The leaders of Canada and Mexico on Thursday stuck to their upbeat view on the future of the North American Free Trade Agreement (NAFTA), despite US President Donald Trump’s threats to axe it.
Visiting Mexico on the heels of a tense trip to Washington, Canadian Prime Minister Justin Trudeau downplayed Trump’s attacks on NAFTA as part and parcel of the negotiations on updating the 23-year-old accord.
“We will not be walking away from the table based on proposals put forward,” he said when asked about the Trump administration’s push to include a “sunset clause” requiring the three member nations to unanimously renew the deal every five years.
“We will discuss those proposals, we will counter those proposals and we will take seriously these negotiations,” he told a news conference at the presidential palace after being welcomed with military honors.
Speaking alongside him, Mexican President Enrique Pena Nieto insisted the deal remained vital to the region’s economies.
“Mexico is betting on achieving a good agreement. But it will have to be a positive agreement, and good for all three sides, not just one. We won’t be hostage to a single point of view,” he said.
The comments came as negotiators from the three nations meet in the US for their latest round of what Trump vowed would be tough talks on a new version of NAFTA.
Trade was a touchy subject during Trudeau’s visit to Washington, after the US slapped a 220 percent retaliatory duty on Canadian planemaker Bombardier Inc’s CS100 and CS300 aircraft over dumping allegations.
Trudeau in turn threatened to cancel a purchase of 18 fighter jets from American aerospace giant Boeing Co, saying he had told Trump that he “disagreed vehemently” with the US decision.
Making his first official visit to Mexico, the prime minister appeared to be looking for a friendly ear in Pena Nieto, himself no stranger to hostility from the Trump administration.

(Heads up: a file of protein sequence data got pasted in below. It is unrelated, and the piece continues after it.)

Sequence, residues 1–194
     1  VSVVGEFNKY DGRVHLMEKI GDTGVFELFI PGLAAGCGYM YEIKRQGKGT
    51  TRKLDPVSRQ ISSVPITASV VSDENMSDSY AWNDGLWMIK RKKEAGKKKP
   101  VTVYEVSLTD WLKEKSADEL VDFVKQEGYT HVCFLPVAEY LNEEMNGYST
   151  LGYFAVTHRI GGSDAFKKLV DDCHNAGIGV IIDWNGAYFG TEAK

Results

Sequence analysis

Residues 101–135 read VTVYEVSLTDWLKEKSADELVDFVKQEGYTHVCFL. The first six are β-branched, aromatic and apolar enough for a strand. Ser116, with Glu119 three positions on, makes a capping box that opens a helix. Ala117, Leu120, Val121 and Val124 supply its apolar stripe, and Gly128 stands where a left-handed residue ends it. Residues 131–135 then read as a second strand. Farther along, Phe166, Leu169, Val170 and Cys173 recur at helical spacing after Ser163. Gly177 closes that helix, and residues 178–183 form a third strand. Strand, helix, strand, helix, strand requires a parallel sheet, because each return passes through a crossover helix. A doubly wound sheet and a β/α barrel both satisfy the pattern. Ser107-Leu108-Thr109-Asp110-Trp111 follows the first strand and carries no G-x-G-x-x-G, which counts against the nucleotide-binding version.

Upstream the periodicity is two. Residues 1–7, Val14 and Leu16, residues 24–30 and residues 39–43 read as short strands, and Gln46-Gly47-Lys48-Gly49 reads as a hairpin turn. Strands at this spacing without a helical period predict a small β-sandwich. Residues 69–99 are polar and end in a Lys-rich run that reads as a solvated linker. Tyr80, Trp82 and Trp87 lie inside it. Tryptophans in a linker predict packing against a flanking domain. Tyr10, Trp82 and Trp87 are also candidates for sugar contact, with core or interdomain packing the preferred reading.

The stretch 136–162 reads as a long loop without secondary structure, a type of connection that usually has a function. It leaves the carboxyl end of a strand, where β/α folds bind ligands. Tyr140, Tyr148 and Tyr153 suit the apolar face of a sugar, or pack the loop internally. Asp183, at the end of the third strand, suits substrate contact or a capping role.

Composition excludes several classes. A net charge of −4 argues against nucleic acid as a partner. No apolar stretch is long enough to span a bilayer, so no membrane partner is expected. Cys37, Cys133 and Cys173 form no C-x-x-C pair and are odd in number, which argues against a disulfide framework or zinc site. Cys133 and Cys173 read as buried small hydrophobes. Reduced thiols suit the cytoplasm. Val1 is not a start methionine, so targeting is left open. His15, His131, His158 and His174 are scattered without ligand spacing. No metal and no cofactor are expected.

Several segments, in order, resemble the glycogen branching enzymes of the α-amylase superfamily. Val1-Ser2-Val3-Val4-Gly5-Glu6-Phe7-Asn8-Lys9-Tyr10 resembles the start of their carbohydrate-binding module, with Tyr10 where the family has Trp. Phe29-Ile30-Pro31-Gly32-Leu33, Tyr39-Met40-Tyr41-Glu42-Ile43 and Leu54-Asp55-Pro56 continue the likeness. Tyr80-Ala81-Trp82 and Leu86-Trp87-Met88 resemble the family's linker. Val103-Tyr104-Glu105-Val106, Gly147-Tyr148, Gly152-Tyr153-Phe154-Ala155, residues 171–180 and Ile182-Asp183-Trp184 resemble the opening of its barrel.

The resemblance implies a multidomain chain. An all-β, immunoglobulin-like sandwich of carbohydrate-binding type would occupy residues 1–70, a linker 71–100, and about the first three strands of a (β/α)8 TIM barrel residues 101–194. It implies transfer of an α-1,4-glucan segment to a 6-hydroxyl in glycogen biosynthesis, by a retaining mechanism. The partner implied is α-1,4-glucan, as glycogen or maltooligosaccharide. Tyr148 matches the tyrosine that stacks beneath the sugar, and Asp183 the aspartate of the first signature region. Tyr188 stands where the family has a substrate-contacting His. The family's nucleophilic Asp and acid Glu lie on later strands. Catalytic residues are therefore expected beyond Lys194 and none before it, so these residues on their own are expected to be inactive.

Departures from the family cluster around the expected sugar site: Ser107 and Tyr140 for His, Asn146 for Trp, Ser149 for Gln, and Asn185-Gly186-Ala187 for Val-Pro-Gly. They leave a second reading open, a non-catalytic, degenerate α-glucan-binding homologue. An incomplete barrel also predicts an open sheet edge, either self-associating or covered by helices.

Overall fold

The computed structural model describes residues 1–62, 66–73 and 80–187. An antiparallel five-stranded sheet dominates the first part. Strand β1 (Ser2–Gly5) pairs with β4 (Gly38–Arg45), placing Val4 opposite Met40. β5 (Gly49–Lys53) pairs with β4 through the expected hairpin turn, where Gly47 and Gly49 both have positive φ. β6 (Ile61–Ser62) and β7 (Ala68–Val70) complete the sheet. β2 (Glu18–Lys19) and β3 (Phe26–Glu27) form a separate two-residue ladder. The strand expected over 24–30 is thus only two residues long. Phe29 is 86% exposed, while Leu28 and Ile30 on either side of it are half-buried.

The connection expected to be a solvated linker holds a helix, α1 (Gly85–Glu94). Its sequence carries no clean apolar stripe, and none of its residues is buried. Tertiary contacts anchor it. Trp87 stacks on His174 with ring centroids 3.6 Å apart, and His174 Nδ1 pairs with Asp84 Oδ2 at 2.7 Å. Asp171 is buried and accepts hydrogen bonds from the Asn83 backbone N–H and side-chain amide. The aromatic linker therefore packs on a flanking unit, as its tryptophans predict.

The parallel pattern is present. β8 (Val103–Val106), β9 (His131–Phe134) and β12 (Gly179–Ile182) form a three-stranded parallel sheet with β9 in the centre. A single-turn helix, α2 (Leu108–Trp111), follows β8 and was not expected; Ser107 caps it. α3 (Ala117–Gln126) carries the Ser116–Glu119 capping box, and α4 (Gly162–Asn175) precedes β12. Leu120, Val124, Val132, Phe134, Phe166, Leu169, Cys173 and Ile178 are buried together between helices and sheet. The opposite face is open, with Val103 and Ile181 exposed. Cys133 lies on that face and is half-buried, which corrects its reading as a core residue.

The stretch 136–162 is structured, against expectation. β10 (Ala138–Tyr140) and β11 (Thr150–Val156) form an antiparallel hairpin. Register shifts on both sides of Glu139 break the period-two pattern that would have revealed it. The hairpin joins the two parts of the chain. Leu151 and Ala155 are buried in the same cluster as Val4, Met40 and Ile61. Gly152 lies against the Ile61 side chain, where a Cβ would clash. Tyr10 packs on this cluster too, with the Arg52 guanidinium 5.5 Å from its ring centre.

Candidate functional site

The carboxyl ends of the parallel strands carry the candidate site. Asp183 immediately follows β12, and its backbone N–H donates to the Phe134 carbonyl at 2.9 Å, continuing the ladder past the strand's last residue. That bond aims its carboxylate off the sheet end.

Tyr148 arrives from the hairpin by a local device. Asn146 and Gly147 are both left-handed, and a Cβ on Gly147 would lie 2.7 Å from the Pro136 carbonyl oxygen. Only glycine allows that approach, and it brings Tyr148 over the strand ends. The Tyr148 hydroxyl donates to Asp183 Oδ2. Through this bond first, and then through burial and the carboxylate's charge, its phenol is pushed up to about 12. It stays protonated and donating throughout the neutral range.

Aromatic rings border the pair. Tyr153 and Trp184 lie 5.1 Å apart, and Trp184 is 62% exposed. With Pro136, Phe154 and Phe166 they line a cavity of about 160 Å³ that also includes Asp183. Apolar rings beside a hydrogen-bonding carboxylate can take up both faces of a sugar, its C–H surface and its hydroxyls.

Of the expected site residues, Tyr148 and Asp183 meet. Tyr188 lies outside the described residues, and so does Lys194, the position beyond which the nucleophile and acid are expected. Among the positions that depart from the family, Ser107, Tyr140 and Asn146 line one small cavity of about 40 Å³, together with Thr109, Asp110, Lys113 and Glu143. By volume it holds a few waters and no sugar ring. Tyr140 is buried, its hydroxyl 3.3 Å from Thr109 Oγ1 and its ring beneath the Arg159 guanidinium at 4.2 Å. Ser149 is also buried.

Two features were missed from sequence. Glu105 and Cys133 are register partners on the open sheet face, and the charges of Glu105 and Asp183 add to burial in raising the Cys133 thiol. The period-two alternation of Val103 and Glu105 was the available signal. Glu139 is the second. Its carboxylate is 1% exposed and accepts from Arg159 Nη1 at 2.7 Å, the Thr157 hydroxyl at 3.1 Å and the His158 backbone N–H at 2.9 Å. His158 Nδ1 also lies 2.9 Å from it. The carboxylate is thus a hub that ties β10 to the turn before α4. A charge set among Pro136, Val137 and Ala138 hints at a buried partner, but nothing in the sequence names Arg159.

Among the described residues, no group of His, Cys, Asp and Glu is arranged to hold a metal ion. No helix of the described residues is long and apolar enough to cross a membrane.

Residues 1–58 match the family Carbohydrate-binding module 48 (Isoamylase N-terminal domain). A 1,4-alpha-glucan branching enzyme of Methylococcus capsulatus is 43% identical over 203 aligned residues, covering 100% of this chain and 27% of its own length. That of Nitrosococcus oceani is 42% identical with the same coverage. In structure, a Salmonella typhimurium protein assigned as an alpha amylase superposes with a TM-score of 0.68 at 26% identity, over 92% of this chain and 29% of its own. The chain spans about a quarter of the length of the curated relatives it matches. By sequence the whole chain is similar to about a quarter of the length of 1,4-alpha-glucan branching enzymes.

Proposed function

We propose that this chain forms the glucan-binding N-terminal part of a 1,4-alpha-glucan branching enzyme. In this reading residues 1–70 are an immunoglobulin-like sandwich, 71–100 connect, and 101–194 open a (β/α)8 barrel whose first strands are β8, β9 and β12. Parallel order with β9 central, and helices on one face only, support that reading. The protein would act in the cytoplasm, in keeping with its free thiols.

However, despite their common ground, Canada and Mexico are also at odds on some key issues.
Canada, which shares Washington’s concern over competition from cheap Mexican labor, is notably pushing for Mexico to improve workers’ wages under the new NAFTA — something the Pena Nieto administration says should be determined by the market, not dictated by a trade deal.
Pena Nieto sought to send a message that Mexico and Canada are better off working together as they forge ahead in the delicate negotiations with the giant and sometimes grumpy neighbor they both share.
“Canada and Mexico are going through one of the best moments of our relationship,” he wrote in an op-ed published in Canadian newspaper the Globe and Mail. “The government of Mexico will keep working constructively with Canada to further strengthen our relations, achieve mutual benefits and contribute to reaching our shared goal: to make North America the most prosperous and competitive region in the world.”
Yesterday, Trudeau was to wrap up his North American tour with a speech to the Mexican senate, whose approval is needed to ratify any renegotiated version of NAFTA.
Mexico and Canada do some US$20 billion a year in bilateral trade.
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